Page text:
And by the way, please don’t interpret the above as a suggestion that you shouldn’t treat yourself.  We all should! It’s just my priorities have changed, and, honestly, with all this grocery shopping and cooking, who has time to shop?

Or cleaning up the kitchen, yet again. So on days like this, I’ll pull out the slow cooker. It’s almost like cheating it’s so easy. My friend, Ashley, gave me this recipe for Mexican Chicken Chili  over 4 years ago and we still use it a good bit, especially when it’s cooler outside. I hope you like it as much as my family does.

  • 4 organic chicken breasts (about 1.5lb)
  • 2 cans black beans (strain)
  • 1 cup organic corn
  • 1 can chopped green chilies
  • 1 can tomato sauce
  • 1 16 oz jar salsa (or if you do have the time, finely chop a fresh onion, tomato and peppers. Saute and then add an extra can of tomato sauce to the pot.)
  • 1 tsp Celtic sea salt (if desired)
  • 2 tsp chili powder
  • 1 tsp cumin

Put everything in the crock pot and cook on low for 6-8 hours.  Take the chicken out and pull apart or cut to shred.  Then put it back in the crock pot and stir. Add greek yogurt, cilantro, advacado, and cheese (if desired). It’s even better as leftovers so make plenty for lunch the next day or dinner again later in the week!

Alright, so before I start, I have to apologize for the messy picture, but that’s what you get sometimes with a candid shot.

So when it comes to snacks, don’t always ask them what they want, just give it to them. I set this plate of asparagus out on the dining room table for whomever wanted it. Then, after a short time, I went to check on my daughter doing her homework and this is what I found…

Now, if I had said “Hey, Alice, can I get you some asparagus for a snack?”, chances are good she would have said “no thanks”. But 8 out of 10 times this works for my kids. Sometimes when they are chilling out on the couch, I’ll put a huge bowl of steamed broccoli (EVOO, parmasean cheese and celtic salt) and they will eat it up.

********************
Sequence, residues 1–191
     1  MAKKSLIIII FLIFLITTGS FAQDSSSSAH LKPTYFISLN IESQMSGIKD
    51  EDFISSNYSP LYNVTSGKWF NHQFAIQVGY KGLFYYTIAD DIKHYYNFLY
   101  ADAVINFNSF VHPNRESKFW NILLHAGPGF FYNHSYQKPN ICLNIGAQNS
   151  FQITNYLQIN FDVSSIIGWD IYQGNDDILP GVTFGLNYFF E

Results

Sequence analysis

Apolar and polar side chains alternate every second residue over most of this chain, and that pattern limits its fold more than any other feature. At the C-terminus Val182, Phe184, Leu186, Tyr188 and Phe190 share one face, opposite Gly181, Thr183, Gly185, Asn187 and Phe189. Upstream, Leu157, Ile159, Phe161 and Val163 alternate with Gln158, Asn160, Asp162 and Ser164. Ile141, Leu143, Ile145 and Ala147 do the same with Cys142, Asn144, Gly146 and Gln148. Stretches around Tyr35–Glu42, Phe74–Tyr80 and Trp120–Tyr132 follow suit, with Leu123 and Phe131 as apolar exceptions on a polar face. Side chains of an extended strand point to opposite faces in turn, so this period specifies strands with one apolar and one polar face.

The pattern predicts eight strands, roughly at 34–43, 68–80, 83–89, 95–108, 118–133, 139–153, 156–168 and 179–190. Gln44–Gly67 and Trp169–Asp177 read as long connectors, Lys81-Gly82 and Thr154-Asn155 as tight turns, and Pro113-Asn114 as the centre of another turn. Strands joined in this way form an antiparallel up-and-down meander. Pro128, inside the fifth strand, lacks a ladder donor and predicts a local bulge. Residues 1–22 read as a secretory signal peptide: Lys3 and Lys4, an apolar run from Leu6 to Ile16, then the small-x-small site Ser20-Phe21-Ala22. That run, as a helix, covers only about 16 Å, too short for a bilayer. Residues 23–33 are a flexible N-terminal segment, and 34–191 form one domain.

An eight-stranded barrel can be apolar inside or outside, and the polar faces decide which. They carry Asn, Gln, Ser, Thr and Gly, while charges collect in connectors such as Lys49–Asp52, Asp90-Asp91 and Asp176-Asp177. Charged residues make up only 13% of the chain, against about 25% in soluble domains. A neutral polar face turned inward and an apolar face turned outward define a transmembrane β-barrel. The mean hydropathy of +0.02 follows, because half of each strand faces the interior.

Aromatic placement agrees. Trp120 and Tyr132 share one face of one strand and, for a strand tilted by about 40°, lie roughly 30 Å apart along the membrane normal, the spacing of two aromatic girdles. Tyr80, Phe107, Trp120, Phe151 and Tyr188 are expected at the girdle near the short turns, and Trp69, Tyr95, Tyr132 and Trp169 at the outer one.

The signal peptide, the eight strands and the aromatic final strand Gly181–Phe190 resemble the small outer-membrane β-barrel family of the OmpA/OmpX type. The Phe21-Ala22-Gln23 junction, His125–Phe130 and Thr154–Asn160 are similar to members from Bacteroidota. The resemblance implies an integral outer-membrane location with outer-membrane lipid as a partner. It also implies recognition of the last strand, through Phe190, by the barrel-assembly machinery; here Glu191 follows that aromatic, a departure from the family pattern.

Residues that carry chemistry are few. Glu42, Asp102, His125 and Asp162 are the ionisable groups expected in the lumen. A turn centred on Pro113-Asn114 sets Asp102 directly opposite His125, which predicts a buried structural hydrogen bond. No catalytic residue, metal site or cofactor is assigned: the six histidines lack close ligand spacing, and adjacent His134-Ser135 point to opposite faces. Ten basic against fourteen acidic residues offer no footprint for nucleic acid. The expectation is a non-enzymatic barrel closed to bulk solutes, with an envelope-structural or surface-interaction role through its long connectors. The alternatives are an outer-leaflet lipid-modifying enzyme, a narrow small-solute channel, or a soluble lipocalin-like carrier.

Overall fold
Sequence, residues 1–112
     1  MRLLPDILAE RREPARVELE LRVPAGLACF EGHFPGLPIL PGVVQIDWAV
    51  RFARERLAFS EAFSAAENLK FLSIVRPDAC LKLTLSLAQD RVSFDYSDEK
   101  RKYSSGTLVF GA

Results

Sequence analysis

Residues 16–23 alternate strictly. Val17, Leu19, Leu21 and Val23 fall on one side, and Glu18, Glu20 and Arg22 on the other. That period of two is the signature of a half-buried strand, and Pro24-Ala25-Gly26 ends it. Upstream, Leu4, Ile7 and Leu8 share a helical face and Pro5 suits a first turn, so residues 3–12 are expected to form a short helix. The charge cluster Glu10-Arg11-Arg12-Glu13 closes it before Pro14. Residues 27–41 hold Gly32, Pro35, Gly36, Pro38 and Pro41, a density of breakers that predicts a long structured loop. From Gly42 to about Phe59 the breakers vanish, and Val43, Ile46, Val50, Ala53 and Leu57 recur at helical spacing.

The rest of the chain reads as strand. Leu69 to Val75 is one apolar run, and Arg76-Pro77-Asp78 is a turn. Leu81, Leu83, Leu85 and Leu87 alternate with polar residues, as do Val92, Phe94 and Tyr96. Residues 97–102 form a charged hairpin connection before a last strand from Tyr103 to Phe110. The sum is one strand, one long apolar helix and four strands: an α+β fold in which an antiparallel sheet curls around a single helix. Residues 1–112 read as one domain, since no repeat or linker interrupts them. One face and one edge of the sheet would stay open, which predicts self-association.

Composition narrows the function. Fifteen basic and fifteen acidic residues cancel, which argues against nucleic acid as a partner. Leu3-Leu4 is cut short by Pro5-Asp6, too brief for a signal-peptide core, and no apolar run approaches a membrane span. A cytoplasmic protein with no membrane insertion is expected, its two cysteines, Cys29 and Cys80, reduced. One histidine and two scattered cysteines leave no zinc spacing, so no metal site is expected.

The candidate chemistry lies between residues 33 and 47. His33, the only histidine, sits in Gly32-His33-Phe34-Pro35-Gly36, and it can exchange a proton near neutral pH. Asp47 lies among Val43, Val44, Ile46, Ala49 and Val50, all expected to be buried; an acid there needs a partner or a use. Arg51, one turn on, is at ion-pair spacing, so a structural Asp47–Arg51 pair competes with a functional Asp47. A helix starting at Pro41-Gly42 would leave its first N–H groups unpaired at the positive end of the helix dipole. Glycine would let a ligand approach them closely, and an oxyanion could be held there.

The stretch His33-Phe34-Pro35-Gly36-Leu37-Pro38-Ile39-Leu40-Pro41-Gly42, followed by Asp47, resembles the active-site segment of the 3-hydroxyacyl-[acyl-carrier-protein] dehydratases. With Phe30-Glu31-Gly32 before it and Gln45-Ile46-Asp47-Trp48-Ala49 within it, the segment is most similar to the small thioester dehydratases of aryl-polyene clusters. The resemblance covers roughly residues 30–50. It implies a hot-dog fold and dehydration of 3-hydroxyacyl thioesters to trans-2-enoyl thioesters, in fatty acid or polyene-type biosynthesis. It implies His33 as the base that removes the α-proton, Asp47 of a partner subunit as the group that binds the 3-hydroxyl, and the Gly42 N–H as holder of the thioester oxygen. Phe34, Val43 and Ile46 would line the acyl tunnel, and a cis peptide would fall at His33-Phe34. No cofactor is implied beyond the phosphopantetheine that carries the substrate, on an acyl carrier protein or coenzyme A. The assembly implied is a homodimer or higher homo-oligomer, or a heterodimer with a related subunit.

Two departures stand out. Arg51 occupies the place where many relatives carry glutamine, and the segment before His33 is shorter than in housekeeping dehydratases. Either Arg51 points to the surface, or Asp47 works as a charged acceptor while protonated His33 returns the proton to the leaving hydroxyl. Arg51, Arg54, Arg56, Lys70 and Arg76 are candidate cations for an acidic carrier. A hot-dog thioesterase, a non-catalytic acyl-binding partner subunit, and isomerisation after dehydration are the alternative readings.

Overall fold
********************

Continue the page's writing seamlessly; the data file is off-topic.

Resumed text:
Some people would say, “my kids would never eat that.” Well, if they had just had something processed and sweet/salty, then you’re probably right.  But, believe it or not, you can change your taste buds over time. It’s just take a little work to change them for the better. Think about it: if you haven’t eaten much (or any) sugar and then have an apple, how sweet and delicious is that apple? But have a piece of cake and then an apple…no thank you. Get what I mean?

So when I woke up this morning it was so overcast and cool, and well, it just felt like the perfect day for chicken tetrazzini. Now it’s absolutely beautiful out, and I’m realizing, chicken tet is good on any kind of day.

It took me awhile to get this exactly how we like it. It’s not Paleo-friendly, but it’s really not that bad either. I think brown rice noodles and a little mayo (I typically like to use my own homemade mayo) are the least Paleo foods, but all in all, it’s still a delicious, healthy family meal. I hope you guys like it.